The Sharpeville Massacre
The Sharpeville Massacre of 1960 which is commemorated on the 21st of March in South Africa became a catalyst in the fight against the apartheid regime.
A week after the then president general of the ANC, Chief Albert Luthuli announced that 1960 was going to be the “Year of The Pass” through a series of mass actions, the ANC planned to launch an anti-pass campaign which was set to be nationwide on the 31st of March – which is also the anniversary of the1919 anti-pass campaign. The Pan Africanist Congress held its first conference in Johannesburg it was at this conference where the PAC announced the launch of its own anti-pass campaign.
“No one outside the PAC was sure how seriously to take the PAC anti-pass campaign. The ANC leaders derided it. The white press largely ignored the PAC campaign,” Journalist Patrick Duncan wrote. The ANC went as far as trying to discredit the campaign as “sensational” and without “prospect of success”, in an editorial for the Sunday Times Newspaper on March 20, 1960.
In the early 1960s both the PAC and ANC embarked on a feverish drive to prepare their members and black communities for the proposed nationwide campaigns. The PAC called on its supporters to leave their passes in their homes on the appointed date and gather at police stations all-over the country, availing themselves for the arrest. The slogan used for their campaign was
NO BAIL! NO DEFENCE! NO FINE!” The PAC argued that if thousands of people were arrested, then the jail cells would be full, and the economy of the country would come to a standstill.
In as much as the protests were anticipated, no one could have predicted the consequences and repercussions this would have for South African and world politics. An article published in the 19 March 1960 issue of Contact, the Liberal Part Newspaper, the article was titled “PAC Campaign will be test” this described the build up to the campaign:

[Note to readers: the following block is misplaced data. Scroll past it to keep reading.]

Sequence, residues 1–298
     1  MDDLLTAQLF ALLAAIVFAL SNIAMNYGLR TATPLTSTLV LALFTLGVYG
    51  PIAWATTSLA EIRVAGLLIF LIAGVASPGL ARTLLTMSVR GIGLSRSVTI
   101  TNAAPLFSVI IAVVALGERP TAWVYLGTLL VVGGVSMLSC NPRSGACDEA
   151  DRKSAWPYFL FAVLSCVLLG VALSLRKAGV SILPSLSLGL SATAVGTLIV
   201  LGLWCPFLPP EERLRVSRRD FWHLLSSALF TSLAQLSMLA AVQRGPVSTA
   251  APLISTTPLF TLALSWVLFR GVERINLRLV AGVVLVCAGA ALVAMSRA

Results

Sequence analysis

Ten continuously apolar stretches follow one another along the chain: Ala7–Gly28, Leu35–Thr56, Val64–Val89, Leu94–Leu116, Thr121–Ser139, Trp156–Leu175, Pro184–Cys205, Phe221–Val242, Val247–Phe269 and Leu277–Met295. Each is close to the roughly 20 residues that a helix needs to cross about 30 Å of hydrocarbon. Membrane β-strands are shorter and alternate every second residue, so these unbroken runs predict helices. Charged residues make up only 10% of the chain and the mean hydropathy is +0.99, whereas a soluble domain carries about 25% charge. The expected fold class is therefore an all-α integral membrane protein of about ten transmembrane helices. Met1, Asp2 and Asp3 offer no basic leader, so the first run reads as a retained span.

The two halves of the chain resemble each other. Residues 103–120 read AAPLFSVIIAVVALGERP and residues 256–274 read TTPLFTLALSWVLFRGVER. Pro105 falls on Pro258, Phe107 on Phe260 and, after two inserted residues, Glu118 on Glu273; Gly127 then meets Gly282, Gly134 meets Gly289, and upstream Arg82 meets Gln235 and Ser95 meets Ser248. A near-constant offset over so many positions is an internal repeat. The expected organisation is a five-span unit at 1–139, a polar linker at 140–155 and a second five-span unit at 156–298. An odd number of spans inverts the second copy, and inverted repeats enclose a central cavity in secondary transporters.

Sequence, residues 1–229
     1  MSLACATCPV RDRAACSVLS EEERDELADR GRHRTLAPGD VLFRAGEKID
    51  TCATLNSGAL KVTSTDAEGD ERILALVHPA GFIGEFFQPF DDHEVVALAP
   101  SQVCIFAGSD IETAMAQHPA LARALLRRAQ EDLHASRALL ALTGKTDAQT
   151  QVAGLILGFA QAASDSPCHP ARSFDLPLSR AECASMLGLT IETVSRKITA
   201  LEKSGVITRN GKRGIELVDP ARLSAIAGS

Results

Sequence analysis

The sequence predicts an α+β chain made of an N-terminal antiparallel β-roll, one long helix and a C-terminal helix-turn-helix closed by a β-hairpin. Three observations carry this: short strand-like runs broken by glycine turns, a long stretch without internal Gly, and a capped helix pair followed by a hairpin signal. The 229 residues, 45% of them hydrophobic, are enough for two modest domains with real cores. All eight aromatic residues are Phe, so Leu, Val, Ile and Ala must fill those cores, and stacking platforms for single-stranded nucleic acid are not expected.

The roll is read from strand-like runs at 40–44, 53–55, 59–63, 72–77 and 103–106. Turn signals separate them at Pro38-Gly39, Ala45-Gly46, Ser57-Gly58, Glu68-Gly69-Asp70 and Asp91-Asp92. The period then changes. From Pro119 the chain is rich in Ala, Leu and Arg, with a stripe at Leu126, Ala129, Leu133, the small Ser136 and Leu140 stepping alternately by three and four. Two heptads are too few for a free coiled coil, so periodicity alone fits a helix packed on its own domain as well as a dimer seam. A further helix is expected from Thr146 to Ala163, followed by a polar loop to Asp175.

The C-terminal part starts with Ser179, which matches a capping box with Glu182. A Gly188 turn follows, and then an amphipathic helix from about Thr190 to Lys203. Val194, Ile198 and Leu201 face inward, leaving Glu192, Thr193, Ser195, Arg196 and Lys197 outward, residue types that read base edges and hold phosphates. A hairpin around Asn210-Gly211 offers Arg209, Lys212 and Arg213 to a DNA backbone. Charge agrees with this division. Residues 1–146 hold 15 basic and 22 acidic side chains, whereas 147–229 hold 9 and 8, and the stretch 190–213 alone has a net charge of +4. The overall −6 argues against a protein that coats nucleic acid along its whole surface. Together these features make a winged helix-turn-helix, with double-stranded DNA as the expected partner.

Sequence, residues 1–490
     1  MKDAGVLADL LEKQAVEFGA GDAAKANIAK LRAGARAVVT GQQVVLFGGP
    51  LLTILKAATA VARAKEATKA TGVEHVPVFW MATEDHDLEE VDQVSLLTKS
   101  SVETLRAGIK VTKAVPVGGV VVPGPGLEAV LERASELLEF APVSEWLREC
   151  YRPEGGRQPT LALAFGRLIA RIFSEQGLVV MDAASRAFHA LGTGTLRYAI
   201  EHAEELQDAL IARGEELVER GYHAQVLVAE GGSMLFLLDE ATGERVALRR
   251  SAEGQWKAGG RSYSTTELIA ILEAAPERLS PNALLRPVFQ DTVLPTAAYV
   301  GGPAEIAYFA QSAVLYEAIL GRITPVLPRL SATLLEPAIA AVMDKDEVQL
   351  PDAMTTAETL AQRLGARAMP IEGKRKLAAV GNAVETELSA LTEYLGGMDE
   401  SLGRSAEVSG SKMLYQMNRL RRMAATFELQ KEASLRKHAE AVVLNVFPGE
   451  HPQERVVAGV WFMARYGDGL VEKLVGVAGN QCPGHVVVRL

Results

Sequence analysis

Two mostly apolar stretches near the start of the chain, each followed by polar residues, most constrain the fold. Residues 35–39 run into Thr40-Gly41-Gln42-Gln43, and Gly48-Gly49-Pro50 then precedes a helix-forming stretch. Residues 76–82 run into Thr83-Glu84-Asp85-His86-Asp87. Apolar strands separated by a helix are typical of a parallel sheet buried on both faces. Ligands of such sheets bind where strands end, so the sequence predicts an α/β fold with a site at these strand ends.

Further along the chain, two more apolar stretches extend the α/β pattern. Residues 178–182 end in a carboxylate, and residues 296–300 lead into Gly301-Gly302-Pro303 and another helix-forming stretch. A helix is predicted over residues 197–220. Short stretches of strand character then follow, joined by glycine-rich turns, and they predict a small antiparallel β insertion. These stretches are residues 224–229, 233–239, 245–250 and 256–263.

“The Pan Africanist Congress will shorty launch a nationwide campaign for the total abolition of the pass laws. The exact date on which the campaign will start is still unknown. The decision lies with the PAC president Mr R. M. Sobukwe. But members say that the campaign will begin shortly – within a matter of weeks.”
The president of the PAC, Mr Robert Sobukwe announced that the PAC was going to embark on an anti-pass campaign on Monday the 21st at a press conference held on Saturday the 19th of March 1960. In accordance with his ‘Testimony about the Launch of the Campaign’ Sobukwe declared:
“The campaign was made known on the 18th of March. Circulars were printed and distributed to the members of the organisation and on the 21st of March, on Monday, in obedience to a resolution they had taken, the members of the Pan Africanist Congress surrendered themselves at various police stations around the country”.
At the conference Sobukwe emphasized the campaign should be conducted in a spirit of absolute non-violence and that the PAC viewed it as the first step in the Natives’ bid for total independence and freedom by 1963. (Cape Times, 1960). Sobukwe subsequently announced:
“African people have entrusted their whole future to us. And we have sworn that we are leading them, not to death, but to life abundant. My instructions, therefore, are that our people must be taught how and continuously that in this campaign we are going to observe absolute non-violence.”
The Day of The Massacre
On the 21st of March 1960, in the morning members of the PAC walked around Sharpeville waking others up and urging them to partake in the demonstration. Other members of the PAC tried to stop bus drivers from going on duty which resulted in a lack of transport for Sharpeville residents who worked in Vereeniging. Several people set out for work on bicycles or on foot, but some were intimidated by members of the PAC who threatened to burn their passes or “lay hands on them” if they opted to go to work (Rev Ambrose Reeves, 1966). However, many joined the procession willingly so.
Earlier on in the morning of the 21st the local leaders of the PAC first gathered in a field not far from the Sharpeville police station, when a sizeable crowd of people had joined them, they proceeded to the police station – chanting freedom songs and calling out campaign slogans such as “Izwe Lethu”; “Awaphele amapassi”; “Sobukwe Sikhokhele”; “Forward to Independence, Tomorrow the United States of Africa.”
When the protesters got to the Sharpeville police station a heavy continent of policemen were lined up outside, many on top of British-made Saracen armoured cars. This did not stop Mr Tsolo and other members of the PAC Branch Executive from their mission they continued to advance – in conformity with the novel motto of the PAC “Leaders in Front” – and asked the white policeman in command to let them in so they could surrender themselves for refusing to carry their passes. The police commander initially refused but at a later stage at approximately 11hoo, they were granted access; the chanting of freedom songs continued d the slogans were repeated this time the volume being much louder.